BUT there is always an exception to every rule, and the exception to this particular rule is that trends which work for you and that you can see lasting you for years to come are worth considering. For example, I’ve recently written about the western trend that has taken hold of the fashion world of late and how I plan to take it into future seasons.

And prints that could be considered perennials are always worth investing in. I’ve made this argument before in favour of animal print and gingham.

A statement print is also worth considering, particularly when it’s in the form of something like a coat which can transform an outfit (see below).

4. The statement piece

The idea of a statement piece or print runs counter to the concept of the repeat wear. People will always clock it with each outing. I would argue, however, that a good statement piece can be just as versatile as your wardrobe basics.

For instance, I have a statement leopard print coat that really stands out. I get a lot of comments on it (all good). And it goes with everything. Each outfit brings out a different side to the leopard coat. Over a conservative pair of trousers and button down shirt with stilettos, it’s work apropos. But with jeans, graphic tshirt and trainers, it’s the height of casual cool.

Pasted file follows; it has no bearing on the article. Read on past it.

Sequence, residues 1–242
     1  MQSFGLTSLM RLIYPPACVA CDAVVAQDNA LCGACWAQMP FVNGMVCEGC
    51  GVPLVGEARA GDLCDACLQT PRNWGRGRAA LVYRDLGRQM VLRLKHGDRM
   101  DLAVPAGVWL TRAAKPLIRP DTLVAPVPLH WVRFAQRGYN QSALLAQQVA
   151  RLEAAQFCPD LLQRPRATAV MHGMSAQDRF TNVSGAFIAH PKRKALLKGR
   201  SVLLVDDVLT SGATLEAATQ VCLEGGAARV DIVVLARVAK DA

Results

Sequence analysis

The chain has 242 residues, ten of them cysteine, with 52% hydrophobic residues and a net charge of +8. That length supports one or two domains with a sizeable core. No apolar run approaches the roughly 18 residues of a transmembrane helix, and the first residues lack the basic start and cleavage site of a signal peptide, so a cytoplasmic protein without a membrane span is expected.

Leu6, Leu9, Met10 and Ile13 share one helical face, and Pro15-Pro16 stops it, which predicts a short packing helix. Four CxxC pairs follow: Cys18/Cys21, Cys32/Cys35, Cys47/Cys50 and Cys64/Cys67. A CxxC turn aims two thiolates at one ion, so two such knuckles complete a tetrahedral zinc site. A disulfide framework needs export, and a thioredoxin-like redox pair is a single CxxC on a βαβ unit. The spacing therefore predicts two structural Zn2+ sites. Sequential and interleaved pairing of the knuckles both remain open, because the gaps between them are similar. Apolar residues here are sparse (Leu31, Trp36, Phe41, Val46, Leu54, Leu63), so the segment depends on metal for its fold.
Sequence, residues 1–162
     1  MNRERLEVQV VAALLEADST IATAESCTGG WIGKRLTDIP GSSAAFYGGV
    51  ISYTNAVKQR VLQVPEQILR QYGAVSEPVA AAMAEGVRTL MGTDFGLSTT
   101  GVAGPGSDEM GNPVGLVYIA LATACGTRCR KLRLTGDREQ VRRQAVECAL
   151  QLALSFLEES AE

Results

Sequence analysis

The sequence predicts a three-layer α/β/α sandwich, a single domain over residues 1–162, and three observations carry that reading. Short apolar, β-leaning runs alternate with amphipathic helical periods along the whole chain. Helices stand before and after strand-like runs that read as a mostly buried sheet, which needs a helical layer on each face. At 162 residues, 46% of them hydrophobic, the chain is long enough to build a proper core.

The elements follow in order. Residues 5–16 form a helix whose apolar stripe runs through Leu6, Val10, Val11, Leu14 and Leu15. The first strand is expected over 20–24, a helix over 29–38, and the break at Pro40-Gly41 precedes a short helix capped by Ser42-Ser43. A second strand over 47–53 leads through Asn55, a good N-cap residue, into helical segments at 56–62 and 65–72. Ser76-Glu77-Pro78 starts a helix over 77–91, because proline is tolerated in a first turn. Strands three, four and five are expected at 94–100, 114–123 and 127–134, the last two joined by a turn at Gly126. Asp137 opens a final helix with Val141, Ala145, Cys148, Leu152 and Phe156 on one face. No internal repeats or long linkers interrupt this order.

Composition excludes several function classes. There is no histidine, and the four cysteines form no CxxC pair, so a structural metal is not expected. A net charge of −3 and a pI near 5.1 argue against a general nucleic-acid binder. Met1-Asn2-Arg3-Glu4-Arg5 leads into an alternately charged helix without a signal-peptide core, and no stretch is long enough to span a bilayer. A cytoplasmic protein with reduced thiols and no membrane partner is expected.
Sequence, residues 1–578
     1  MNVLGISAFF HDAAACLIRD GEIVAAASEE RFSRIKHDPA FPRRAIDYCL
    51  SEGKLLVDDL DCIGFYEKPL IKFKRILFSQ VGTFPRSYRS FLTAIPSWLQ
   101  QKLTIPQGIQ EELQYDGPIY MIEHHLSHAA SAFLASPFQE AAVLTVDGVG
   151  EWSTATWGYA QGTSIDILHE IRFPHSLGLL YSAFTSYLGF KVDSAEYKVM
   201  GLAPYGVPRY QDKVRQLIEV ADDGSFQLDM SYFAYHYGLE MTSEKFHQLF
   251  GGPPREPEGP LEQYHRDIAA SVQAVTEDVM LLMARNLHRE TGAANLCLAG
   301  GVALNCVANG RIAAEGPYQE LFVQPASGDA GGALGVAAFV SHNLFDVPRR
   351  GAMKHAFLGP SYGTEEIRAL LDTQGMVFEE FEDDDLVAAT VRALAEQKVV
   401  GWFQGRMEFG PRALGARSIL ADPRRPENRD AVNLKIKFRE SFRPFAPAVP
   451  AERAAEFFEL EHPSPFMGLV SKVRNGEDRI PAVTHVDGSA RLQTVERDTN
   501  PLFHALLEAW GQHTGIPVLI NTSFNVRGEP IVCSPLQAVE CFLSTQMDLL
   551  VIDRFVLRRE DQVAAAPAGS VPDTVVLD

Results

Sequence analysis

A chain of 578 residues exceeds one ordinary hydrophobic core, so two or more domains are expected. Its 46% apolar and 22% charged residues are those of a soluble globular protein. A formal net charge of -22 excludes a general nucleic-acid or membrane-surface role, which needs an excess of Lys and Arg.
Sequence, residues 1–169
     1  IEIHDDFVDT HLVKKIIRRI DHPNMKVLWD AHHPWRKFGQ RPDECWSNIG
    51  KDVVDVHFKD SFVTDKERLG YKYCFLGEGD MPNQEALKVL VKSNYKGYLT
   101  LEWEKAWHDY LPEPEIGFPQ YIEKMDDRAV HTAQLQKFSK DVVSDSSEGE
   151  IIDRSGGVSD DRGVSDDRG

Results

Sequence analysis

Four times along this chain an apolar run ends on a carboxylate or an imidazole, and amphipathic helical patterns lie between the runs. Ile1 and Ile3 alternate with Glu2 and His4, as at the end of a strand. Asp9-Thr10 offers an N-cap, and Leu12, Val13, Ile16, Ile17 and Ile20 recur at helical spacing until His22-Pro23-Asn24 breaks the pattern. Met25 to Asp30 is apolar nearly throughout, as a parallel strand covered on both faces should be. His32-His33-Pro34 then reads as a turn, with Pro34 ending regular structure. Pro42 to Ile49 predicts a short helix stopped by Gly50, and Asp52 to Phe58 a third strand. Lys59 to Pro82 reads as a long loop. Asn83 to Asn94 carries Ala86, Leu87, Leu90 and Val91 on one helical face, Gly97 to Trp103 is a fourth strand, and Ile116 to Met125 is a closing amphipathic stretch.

5. Accessorise accessorise accessorise

Which brings us neatly to the subject of accessories. To maximise your wardrobe and create as many different looks as possible with what you have, it comes down to the accessories.

Think about the transformative power of a different shoe. Take a satin midi skirt. Pair with a sophisticated heel and you have an outfit that’s office-worthy. But swap the heel for a pair of trainers and you’ve got an outfit you can run around town in, with several coffee shop pitstops.

Beyond the shoe, the possibilities are endless once you consider what you could do with a strategically placed scarf, statement earrings, the tuck of a jumper, a wide belt or chunky necklace.

6. Experiment with colour

Mixing up pieces that are tonal or contrasting colours is a powerful tool to use. Are there any colours in your wardrobe you’ve never thought of combining? Take a fresh approach from a colour perspective and you might be surprised at the new outfit combos you come up with if you try out new colour combinations. Read my guide to tonal blocking here, and colour blocking here.

7. Think of the repeat wear as a power move

If you do find yourself straying into the shops, whether in real life or online, just remember that by repeat wearing, you’re in the best of company. Kate Middleton is a renowned repeat wearer. Ditto the queen of fashion, Anna Wintour, who recently repeat-wore her Prada navy “flower power” print dress for the third time to the Australian Open tennis in Melbourne.

Keep in mind that influencers are paid or gifted outfits to promote brands. Try following influencers like Alex Stedman who re-wears her pieces, and often wears pieces that are several seasons old. But she provides great inspiration for how to put different basics together.

It is not realistic to think you can keep up with the rate of costume changes most influencers make. You’re not Kylie Minogue in concert. True style lies in the creativity you can bring to what you already have.